The commission's action comes after months of consumer pressure. For much of this year, the commission's reason for blocking the iPhone was that its built-in mapping capabilities violate a South Korean rule requiring the use of domestic technology for location-based services in cellphones. In its decision Wednesday, the commission created an exemption in the rule for iPhone.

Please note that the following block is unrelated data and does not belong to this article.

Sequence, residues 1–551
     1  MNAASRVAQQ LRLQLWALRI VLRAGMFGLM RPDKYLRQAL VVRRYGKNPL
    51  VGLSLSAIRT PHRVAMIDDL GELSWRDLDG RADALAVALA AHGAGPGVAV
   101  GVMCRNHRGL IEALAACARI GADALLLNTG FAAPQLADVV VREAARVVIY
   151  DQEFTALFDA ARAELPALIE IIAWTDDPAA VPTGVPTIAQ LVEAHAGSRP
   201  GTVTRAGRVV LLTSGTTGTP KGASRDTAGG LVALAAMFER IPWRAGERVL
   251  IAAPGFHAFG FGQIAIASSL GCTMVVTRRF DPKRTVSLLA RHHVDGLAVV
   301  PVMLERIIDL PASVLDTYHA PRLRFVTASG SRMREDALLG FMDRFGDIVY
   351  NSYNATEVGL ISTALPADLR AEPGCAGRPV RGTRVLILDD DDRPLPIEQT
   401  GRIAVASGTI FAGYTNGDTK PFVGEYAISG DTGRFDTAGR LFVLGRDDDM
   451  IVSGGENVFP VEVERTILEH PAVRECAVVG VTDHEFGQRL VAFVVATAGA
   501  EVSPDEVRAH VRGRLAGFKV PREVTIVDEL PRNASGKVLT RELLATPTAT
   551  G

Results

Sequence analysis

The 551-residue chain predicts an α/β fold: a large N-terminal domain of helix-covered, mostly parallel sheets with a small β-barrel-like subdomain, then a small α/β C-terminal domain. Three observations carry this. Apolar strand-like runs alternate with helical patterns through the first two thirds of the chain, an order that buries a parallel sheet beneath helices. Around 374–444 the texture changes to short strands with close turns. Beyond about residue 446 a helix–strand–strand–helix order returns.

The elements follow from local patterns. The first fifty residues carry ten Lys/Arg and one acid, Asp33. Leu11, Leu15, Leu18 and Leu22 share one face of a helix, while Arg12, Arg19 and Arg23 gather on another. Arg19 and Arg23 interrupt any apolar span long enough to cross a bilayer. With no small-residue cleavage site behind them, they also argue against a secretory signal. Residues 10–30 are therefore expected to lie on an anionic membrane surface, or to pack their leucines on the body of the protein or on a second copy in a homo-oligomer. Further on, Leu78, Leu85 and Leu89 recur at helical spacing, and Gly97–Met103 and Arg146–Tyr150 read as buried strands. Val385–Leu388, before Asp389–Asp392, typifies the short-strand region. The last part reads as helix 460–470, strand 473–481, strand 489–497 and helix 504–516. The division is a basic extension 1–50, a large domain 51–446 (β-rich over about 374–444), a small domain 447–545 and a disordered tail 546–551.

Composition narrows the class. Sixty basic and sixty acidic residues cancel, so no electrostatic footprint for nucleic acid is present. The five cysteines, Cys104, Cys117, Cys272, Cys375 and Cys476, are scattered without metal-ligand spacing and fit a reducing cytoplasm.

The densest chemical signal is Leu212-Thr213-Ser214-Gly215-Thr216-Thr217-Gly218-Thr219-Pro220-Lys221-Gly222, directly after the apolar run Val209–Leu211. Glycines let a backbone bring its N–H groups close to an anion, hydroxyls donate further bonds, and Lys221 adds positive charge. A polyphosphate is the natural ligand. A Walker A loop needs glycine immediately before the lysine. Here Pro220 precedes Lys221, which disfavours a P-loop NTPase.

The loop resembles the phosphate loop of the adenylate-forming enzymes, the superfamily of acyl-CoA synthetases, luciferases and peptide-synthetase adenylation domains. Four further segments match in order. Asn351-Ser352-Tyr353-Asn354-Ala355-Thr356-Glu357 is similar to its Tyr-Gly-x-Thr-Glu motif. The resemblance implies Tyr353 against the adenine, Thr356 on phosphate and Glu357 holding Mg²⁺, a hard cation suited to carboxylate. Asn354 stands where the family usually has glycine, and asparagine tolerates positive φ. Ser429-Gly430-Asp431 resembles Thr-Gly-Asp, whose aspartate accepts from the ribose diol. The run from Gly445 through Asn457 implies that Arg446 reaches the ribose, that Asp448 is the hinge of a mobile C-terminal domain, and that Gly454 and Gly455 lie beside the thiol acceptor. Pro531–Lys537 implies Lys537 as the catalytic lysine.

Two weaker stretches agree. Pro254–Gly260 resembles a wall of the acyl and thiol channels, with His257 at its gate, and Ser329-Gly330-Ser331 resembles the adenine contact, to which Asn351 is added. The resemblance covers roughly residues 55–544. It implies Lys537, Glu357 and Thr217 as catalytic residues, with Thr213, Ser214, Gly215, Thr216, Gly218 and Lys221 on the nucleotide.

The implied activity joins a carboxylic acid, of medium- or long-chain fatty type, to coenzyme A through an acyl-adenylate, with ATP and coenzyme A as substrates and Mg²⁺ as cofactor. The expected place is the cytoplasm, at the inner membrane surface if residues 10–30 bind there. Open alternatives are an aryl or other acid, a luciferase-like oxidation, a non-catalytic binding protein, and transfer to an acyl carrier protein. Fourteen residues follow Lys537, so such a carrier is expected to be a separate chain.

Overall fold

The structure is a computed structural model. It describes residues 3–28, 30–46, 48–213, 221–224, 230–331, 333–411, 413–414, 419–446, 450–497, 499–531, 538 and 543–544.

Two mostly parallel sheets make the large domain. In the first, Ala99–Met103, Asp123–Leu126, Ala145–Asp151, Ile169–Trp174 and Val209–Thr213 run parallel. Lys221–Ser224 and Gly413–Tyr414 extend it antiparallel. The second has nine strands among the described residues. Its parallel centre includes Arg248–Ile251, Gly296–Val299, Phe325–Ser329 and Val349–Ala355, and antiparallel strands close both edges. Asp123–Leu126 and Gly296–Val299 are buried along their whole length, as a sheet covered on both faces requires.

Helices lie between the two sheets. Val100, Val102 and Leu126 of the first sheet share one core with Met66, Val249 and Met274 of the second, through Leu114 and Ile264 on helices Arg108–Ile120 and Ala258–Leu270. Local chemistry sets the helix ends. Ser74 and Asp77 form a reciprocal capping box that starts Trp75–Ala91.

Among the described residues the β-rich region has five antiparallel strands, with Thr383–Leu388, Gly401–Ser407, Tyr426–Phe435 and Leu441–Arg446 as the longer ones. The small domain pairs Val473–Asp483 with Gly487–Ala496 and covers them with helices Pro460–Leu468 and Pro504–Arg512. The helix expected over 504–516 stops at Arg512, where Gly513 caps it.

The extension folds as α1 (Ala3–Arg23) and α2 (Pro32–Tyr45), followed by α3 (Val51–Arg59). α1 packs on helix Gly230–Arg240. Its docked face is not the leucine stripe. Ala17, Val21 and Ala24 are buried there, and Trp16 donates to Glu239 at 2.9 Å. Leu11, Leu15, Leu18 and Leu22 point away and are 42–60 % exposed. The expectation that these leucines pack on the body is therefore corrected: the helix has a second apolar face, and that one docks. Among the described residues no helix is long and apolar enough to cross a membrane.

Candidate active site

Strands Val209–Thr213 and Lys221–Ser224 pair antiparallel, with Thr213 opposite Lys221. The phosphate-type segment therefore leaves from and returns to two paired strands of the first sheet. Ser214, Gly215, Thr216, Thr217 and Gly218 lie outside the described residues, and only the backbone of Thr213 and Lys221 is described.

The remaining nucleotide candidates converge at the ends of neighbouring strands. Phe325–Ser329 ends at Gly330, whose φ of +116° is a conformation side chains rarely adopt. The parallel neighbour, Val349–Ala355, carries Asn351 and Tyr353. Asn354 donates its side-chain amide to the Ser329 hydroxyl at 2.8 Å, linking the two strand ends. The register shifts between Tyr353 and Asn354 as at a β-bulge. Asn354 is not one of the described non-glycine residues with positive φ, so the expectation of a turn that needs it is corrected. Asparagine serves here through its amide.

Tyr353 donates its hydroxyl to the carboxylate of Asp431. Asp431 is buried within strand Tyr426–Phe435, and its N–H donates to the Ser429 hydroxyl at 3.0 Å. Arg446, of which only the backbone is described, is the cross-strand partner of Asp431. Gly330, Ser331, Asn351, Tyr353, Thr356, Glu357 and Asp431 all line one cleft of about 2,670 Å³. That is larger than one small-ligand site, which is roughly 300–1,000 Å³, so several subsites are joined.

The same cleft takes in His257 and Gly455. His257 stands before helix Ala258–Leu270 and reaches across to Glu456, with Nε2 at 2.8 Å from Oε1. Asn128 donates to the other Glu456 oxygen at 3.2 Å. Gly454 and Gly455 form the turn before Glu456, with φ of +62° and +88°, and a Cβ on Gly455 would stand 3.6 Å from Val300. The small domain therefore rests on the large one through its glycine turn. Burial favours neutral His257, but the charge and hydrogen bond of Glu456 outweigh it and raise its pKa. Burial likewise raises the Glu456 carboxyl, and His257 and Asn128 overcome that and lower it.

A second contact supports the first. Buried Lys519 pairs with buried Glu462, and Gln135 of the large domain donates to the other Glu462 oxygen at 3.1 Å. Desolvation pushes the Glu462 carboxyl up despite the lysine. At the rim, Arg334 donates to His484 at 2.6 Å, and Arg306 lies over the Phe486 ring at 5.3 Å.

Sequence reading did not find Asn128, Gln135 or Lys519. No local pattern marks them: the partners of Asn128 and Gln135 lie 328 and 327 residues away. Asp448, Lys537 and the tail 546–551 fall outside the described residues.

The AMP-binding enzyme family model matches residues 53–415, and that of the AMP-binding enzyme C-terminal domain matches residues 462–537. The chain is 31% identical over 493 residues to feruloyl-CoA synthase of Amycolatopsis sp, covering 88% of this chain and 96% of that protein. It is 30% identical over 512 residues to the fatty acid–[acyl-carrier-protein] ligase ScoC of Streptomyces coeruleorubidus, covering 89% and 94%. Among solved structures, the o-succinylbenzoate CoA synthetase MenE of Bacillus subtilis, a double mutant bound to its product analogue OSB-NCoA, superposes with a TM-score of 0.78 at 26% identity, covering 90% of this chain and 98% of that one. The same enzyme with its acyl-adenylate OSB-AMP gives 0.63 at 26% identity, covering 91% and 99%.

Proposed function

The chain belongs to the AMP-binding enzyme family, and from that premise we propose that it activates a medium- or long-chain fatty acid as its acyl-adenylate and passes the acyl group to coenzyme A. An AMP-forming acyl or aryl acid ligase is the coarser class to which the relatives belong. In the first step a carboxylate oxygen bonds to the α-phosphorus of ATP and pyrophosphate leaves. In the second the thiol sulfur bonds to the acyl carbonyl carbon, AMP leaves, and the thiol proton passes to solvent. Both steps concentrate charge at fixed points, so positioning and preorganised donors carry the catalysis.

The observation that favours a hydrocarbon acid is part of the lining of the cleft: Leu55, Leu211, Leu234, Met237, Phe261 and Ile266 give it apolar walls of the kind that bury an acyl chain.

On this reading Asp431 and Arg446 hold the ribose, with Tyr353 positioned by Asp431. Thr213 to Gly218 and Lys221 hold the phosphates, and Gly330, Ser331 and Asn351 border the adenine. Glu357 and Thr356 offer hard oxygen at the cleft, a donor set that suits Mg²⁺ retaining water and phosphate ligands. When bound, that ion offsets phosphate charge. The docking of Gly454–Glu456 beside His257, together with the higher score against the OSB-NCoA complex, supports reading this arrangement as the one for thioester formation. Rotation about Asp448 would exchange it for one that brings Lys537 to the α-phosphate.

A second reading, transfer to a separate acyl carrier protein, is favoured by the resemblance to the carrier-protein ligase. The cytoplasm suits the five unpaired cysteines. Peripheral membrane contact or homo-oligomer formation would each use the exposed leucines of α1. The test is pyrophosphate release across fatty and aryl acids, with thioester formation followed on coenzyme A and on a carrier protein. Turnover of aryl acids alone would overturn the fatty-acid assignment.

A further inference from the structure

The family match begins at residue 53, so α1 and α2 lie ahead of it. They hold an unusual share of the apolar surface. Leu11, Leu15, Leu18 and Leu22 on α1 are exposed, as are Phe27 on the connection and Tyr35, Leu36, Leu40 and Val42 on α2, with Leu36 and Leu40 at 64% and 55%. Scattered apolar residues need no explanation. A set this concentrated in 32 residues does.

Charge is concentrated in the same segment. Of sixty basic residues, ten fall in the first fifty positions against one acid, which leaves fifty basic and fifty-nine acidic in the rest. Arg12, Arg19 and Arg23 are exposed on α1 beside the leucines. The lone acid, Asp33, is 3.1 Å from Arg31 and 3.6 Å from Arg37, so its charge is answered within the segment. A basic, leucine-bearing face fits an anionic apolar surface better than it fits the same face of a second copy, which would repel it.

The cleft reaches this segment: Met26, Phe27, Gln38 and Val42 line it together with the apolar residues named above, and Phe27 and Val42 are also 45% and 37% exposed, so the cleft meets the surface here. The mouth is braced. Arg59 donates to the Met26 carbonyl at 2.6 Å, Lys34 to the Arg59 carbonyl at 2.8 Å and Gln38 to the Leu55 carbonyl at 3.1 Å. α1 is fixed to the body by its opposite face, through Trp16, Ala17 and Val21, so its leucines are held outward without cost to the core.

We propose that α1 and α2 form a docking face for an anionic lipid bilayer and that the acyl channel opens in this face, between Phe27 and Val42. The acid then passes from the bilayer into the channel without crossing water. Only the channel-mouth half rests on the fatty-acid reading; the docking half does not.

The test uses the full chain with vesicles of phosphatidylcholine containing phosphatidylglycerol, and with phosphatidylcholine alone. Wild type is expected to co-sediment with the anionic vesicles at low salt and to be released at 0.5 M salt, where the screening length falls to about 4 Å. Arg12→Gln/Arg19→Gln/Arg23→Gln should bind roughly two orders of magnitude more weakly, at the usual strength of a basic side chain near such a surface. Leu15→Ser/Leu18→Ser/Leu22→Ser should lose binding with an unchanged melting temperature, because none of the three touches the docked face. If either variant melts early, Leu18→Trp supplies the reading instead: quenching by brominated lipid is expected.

"This is a big strike for the government in saying that this is an open market," said Chung Yun-ho, managing partner of Veyond Partners, a telecom consulting firm in Seoul. "Many people regard Korea as an advanced telecom market but they are acknowledging that we are lagging behind in smartphones. They wanted to pressure the telecom companies to embrace new things."
Apple's colorful mainstream flagship, starting at $749.